The Donnelly and McCarthy Families

Ireland’s Great Hunger, 1845-1852, profoundly impacted the next generations, both through starvation and loss of property, and through mass emigration. Under British rule, most Irish land was owned by English landlords who raised crops through Irish tenant farmers. The famine didn’t affect the tenants’ other crops–wheat, oats, barley–but their own staple food, potatoes, were destroyed…

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The Malcomson Family

David Malcomson, founder of the cotton mill of Portlaw, County Waterford, Ireland, was known as a devout Quaker. His eldest son Joseph, not so much. Check out how I depict Joseph in the Prologue of Horse Thief 1898 with his fictional son Peter. You can access the Prologue by signing up for email notifications on…

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Quakers in Ireland and America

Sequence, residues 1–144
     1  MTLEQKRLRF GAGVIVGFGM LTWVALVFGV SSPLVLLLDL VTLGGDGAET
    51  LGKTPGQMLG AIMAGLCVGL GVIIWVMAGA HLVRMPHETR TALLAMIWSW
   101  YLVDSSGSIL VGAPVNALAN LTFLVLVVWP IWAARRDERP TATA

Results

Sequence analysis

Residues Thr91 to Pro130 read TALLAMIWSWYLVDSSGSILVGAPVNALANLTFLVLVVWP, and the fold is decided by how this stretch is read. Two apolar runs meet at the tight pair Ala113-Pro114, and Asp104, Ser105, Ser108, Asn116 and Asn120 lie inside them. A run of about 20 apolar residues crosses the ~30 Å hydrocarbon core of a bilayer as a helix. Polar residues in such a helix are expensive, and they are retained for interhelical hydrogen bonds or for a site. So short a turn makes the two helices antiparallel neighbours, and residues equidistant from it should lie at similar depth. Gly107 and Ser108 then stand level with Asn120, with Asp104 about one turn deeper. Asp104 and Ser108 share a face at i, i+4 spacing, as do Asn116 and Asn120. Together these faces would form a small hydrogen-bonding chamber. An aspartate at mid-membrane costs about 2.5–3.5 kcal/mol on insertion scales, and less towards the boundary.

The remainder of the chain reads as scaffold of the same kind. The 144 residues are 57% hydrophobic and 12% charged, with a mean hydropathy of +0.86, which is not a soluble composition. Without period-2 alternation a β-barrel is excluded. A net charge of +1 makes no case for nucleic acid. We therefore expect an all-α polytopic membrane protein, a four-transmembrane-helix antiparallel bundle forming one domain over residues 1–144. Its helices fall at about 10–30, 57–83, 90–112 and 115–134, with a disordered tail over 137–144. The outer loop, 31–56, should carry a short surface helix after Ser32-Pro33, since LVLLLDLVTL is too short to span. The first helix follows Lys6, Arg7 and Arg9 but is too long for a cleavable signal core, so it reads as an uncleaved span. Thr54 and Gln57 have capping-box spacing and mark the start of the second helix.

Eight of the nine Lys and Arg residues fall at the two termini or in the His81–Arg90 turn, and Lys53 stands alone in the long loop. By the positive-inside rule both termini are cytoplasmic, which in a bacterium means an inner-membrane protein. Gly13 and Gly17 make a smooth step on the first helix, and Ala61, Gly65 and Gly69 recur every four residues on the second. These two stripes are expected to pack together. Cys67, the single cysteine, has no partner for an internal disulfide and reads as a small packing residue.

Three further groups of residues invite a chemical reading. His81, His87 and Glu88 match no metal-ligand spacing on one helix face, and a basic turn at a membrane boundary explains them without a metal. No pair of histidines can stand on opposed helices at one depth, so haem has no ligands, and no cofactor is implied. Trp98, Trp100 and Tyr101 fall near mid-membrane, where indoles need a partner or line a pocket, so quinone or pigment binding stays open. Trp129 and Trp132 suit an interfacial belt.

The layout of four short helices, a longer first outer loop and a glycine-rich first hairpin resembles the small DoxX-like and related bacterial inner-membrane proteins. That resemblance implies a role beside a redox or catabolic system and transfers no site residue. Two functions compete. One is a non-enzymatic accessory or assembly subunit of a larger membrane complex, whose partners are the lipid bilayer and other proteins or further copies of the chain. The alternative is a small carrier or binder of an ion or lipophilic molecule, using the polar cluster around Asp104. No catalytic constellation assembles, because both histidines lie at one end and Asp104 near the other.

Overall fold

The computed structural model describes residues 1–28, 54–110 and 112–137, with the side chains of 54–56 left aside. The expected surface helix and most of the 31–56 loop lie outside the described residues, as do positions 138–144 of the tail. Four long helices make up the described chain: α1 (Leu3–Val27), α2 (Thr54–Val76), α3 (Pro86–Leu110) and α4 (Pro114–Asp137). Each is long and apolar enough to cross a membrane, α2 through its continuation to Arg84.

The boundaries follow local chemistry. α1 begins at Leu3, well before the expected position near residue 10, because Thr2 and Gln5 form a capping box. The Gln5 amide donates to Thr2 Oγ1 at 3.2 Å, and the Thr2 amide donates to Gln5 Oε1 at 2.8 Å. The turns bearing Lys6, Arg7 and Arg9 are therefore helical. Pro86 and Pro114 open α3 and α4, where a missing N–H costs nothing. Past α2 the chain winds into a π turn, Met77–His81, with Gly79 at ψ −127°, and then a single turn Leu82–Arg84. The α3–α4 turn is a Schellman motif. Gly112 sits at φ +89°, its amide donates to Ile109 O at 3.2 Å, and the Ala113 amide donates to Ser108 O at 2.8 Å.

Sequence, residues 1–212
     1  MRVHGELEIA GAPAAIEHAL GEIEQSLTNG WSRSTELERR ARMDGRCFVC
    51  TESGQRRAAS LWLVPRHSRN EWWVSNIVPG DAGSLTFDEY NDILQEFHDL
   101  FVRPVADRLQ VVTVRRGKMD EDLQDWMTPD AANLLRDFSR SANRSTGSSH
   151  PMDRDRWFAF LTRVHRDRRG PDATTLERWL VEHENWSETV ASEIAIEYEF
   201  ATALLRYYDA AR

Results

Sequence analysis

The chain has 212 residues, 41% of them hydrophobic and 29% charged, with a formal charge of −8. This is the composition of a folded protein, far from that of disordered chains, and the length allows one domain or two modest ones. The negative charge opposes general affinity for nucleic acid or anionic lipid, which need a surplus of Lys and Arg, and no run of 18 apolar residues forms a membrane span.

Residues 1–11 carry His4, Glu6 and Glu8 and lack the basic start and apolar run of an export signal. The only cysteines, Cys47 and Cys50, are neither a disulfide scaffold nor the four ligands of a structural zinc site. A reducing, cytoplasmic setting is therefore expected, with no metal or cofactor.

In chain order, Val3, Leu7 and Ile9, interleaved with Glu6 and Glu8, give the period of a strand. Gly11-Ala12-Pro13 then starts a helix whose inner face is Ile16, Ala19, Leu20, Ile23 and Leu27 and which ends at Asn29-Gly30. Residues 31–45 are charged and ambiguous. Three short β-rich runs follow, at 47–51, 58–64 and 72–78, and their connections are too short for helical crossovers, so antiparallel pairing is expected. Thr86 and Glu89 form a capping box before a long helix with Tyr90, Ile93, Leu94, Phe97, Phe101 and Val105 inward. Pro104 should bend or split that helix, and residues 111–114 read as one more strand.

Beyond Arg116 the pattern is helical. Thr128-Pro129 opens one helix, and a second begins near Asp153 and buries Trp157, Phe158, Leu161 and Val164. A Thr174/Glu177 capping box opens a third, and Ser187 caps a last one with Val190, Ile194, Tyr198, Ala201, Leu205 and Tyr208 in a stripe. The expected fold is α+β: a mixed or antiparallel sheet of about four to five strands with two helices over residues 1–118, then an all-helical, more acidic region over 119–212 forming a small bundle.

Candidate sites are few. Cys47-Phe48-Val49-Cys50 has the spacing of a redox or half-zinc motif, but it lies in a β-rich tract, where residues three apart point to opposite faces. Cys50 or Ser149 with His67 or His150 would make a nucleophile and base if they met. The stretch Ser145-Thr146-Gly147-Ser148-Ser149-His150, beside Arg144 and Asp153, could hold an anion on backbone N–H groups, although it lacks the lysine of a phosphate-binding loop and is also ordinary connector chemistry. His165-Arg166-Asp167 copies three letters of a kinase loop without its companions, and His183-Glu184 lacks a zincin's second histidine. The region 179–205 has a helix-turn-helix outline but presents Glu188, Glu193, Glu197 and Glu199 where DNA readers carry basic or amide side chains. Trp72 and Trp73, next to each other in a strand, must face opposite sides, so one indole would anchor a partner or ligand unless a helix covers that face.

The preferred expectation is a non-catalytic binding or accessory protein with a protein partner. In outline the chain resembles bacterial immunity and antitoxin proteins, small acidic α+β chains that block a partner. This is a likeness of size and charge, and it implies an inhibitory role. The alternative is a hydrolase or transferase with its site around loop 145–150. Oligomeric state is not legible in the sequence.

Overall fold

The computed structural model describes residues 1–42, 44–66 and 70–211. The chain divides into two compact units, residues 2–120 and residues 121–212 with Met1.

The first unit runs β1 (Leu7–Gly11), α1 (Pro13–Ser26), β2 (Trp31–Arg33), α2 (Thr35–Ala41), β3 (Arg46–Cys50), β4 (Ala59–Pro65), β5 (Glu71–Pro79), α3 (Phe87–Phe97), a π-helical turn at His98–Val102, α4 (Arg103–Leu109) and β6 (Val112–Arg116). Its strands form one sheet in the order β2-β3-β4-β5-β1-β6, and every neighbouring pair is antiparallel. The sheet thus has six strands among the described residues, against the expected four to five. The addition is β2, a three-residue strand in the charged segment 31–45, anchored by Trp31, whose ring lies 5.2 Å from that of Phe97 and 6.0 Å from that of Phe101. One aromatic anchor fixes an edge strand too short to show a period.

For a group committed to nonviolence, the early Quakers in Ireland were surprisingly militant. No, they didn’t bear arms or compromise their Peace Testimony. But they were so opposed to what they considered idolatry—so convinced that both Catholics and Protestants had betrayed true religion—that they frequently invaded churches mid-service to loudly proclaim how wrong these…

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Jan Ignacy Paderewski

Jan Ignacy Paderewski Maestro Paderewski (pronounce the w like a v), 1860-1941, had four great passions: Poland, the piano, people, and his second wife, social activist Helena Paderewska. In each case, Paderewski’s love, hard work, and commitment—as well as his famous charm—allowed him to overcome huge barriers, traumas, and disappointments. His life can be viewed…

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